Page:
With 12 words, Tiger Woods erased 14 months of doubt.
“As of right now,” Woods said from the press room at Augusta National Tuesday, “I feel like I am going to play.”
There you have it. The five-time Masters champ intends to pursue a sixth green jacket a little over a year after a catastrophic rollover crash nearly cost him his right leg or much, much worse.
Remarkably, a Hall of Fame career whose seeds were planted at the same historic venue a quarter-century ago will continue there this week.
— The Masters (@TheMasters) April 5, 2022
But there is one final hurdle: Woods said he will play another nine-hole practice round Wednesday, the final stress test for a 46-year-old body that’s been reconstructed countless times but never more intensively. Daily pain management is his reality and Augusta’s uneven terrain will surely be a mental and physical grind.
Still, Woods had the demeanor of someone who won’t be satisfied just stepping onto the first tee Thursday; his longstanding modus operandi — he doesn’t enter if he can’t win — still holds.
“I do,” Woods said without so much as a blink when the question of whether he’s capable of capturing his 16th major championship this week was directly posed to him.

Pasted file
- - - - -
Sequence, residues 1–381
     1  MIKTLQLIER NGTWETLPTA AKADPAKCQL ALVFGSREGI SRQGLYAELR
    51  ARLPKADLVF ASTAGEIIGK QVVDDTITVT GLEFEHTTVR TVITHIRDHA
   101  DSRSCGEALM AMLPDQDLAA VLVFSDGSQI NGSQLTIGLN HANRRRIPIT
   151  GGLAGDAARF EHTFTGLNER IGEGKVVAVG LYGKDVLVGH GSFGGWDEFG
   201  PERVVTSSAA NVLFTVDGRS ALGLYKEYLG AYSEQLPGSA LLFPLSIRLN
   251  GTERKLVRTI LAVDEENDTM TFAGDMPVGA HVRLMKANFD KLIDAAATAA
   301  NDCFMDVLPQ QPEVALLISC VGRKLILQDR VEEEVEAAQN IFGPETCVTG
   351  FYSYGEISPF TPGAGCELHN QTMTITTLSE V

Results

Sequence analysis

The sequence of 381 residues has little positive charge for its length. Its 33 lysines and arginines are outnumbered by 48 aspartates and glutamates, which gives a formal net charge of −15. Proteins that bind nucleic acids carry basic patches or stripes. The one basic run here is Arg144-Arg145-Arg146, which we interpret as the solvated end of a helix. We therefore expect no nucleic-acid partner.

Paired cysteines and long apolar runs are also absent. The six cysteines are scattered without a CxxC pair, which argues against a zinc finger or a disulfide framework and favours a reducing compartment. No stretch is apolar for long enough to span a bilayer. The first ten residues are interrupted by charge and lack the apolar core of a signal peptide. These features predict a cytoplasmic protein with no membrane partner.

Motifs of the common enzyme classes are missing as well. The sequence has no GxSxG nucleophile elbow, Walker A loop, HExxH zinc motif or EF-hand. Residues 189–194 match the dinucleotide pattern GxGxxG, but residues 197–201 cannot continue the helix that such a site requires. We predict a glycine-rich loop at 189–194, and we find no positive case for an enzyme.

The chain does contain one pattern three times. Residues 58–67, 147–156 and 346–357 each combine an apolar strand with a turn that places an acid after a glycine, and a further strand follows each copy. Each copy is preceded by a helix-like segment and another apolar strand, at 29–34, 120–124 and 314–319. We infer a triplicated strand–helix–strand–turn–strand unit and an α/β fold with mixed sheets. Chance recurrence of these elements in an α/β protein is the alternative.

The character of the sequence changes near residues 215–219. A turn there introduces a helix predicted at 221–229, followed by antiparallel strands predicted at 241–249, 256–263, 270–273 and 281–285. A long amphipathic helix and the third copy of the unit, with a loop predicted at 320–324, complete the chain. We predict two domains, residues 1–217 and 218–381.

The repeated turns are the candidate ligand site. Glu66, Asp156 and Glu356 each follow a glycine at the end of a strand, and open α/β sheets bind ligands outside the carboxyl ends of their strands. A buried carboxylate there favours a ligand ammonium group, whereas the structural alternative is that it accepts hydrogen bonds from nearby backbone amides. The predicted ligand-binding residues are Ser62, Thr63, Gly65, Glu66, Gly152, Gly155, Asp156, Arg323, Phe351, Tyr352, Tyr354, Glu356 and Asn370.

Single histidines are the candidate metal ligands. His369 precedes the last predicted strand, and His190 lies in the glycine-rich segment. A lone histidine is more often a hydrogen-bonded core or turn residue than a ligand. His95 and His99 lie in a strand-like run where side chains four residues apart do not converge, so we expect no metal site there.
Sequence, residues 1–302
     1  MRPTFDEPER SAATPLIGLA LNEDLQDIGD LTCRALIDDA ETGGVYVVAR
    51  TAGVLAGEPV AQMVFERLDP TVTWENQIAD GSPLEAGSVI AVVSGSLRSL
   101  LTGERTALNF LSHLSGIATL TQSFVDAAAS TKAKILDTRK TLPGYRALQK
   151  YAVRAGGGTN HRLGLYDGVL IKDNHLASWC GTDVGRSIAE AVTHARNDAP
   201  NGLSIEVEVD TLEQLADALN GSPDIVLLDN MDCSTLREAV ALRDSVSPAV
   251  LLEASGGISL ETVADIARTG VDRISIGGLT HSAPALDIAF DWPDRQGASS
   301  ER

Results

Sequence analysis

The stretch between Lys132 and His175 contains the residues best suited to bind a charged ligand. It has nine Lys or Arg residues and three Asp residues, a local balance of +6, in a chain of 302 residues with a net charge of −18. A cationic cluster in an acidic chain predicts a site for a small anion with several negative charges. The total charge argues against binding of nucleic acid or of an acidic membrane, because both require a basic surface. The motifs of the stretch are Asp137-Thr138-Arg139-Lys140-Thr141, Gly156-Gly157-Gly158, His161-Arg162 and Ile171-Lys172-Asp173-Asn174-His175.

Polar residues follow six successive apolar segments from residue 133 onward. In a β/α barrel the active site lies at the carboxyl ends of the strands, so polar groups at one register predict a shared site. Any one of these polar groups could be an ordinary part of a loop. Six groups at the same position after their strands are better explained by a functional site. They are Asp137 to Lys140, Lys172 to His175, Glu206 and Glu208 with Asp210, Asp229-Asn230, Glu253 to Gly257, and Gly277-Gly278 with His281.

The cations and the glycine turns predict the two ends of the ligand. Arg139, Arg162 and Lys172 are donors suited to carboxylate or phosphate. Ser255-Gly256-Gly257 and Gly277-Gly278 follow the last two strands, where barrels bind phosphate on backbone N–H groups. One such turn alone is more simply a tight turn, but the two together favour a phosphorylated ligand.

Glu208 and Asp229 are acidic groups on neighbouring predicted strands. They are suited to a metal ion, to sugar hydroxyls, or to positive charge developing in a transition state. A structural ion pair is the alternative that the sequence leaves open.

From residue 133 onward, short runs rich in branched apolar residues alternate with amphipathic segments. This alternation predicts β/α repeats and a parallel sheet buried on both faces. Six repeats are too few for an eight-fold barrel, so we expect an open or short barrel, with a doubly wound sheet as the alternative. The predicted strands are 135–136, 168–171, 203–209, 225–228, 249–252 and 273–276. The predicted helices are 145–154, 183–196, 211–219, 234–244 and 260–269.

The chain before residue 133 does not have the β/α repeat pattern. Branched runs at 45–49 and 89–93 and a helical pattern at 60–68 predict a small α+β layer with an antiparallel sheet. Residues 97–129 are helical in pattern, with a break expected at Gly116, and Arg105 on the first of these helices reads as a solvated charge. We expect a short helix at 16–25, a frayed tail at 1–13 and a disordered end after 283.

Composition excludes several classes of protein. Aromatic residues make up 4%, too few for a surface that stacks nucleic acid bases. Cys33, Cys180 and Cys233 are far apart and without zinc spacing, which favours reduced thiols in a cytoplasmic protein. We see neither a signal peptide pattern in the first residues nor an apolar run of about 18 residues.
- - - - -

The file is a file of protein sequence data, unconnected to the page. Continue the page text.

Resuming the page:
“When I feel like I can’t win anymore that’ll be it,” Woods added. “But I feel like I can still do it.”
Playing alongside son Charlie and “little brother” Justin Thomas, Woods’ practice round last Tuesday marked his first trip to Augusta since the November 2020 Masters. He teed it up with Thomas and Freddie Couples on Monday after declaring his playing status a “game-time decision.”
Woods’ first-round grouping was also announced Tuesday. He is slated to go out with Louis Oosthuizen and Joaquin Niemann at 10:34 a.m. on Thursday. If all goes well Wednesday, he will be making his 24th start.
The crowds for Tiger’s PRACTICE round at The Masters 👀 pic.twitter.com/t2fXSRJNgJ
— Front Office Sports (@FOS) April 4, 2022
If practice rounds are any indication, the reception for Woods when his return becomes official might register on the Richter scale.
“You can feel it,” said Jon Rahm. “A lot of it is Tiger. Because I was playing with Tony Finau on the front nine [Monday]. We were about four or five holes ahead. We were on 7, and they were walking down on 2, and I’ve never seen a mass this big, even on a Sunday in contention, on those two holes.”